This project is a keystone of China’s 13th Five-Year National Plan for 2016-2020, and according to the Wuhan Evening News it is part of China’s “Building Outline for the Construction of a Powerful Country” initiative.

Maglev: Leaving the 20th Century Behind, Entering the Era of Electromagnetism

Maglev represents the progression of rail travel, recording a notable upward arc in technology and science.

Much of the world’s rail systems today, both passenger and freight, are powered by diesel-electric locomotives. Diesel-electric trains, for example, comprise a stunning 99% of the U.S. locomotive fleet. They are completely wasteful. A diesel-electric locomotive carries a diesel fuel tank ranging from 450 to 1000 gallons. The diesel engine combusts the diesel-petroleum fuel solely for the purpose of powering an onboard generator to produce electricity, which then powers the locomotive. Why do that? It could be done very simply, without the diesel engine, by transmitting outside electricity directly to the locomotive. And the diesel-electric locomotive is forced to drag along its own fuel, which degrades the speed, especially on an incline.

For these and related reasons, including design, a diesel-electric locomotive can hit a top speed of 230.5 km/h (132 mph), but usually, for safety, generally operates only in the range of 90-97 km/h (50-55 mph) for freight, and 113-120 km/h (70-75 mph) for passengers.

The braking system on a diesel-electric locomotive is also rather inefficient. It uses an air-pump compressor to direct compressed air as a force to push blocks onto train wheels, or pads onto discs, which combine with a “dynamic-braking system,” to slow or halt train.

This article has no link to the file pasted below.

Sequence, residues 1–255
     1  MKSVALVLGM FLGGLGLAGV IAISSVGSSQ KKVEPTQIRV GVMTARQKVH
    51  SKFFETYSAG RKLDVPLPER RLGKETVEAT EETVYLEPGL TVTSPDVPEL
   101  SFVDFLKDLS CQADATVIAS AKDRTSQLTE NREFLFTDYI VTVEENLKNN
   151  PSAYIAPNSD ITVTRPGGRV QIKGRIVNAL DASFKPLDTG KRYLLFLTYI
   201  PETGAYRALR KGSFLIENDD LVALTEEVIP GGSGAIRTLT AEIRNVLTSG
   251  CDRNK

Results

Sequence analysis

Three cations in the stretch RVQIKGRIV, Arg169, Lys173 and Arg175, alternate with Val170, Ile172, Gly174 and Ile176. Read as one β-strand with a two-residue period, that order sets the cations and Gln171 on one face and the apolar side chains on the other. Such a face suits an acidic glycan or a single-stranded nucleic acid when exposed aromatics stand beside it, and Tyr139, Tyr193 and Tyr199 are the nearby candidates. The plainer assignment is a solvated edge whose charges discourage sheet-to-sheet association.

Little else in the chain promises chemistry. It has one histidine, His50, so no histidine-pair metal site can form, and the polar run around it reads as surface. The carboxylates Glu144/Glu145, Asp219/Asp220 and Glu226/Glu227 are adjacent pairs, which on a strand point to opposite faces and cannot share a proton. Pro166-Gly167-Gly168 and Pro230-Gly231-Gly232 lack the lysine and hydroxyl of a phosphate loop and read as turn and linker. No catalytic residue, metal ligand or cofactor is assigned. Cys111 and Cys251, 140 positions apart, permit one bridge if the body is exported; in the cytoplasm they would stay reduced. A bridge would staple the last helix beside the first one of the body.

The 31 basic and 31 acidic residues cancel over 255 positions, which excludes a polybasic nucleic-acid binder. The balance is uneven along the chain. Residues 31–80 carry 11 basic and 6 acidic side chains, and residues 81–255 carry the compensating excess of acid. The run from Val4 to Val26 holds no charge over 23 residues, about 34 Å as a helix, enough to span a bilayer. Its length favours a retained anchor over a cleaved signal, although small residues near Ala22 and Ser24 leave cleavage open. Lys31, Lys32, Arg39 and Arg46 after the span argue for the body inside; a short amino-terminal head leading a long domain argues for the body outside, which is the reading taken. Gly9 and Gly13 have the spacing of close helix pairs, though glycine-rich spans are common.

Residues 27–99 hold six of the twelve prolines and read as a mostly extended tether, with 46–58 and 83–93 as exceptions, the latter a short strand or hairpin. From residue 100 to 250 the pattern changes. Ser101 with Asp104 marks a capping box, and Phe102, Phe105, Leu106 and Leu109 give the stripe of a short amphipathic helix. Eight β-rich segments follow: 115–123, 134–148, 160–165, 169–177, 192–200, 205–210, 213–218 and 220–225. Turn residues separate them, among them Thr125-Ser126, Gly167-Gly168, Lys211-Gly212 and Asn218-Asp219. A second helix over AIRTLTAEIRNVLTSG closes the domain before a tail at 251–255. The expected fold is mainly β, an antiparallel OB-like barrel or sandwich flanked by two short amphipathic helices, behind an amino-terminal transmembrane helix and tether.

But even diesel-electric is more efficient than the substitution of long-haul trucking for rail, as is being done in the U.S. today.

China’s high-speed rail (HSR) system first made the big leap of moving directly to full electrification. The HSR train set does not have to lug around its own fuel. The electricity—produced, say, by a nuclear power plant—is transmitted by transmission lines to catenary wires which run above the path of the train. A pantograph device, attached to the top of the HSR train, extends upward to connect to the catenary and thus brings continuous electricity into the train. The electricity is transmitted directly to electric traction motors that power the wheels of each HSR car. Thus, instead of one or two locomotives at the front supplying all the motive power for a diesel-electric train, in high-speed rail, the motive power is supplied by the traction motors attached to bogies of each car, making the high-speed rail train more powerful. Further, electrified trains allow the use of regenerative braking, in which the motors are used as brakes and become generators that transform the motion of the train into electrical power that is then fed back into the lines.

Electric locomotives are quiet relative to diesel locomotives: there is no engine and exhaust noise and much less mechanical noise.

There is a three-fold greater energy efficiency: Diesel-powered trains transfer about 30-35 percent of the energy generated by combustion to the wheels, while supplying electricity from an overhead power line transfers about 95 percent of the energy to the wheels. It is estimated that it is 50 percent less expensive to power a train by electricity than by diesel.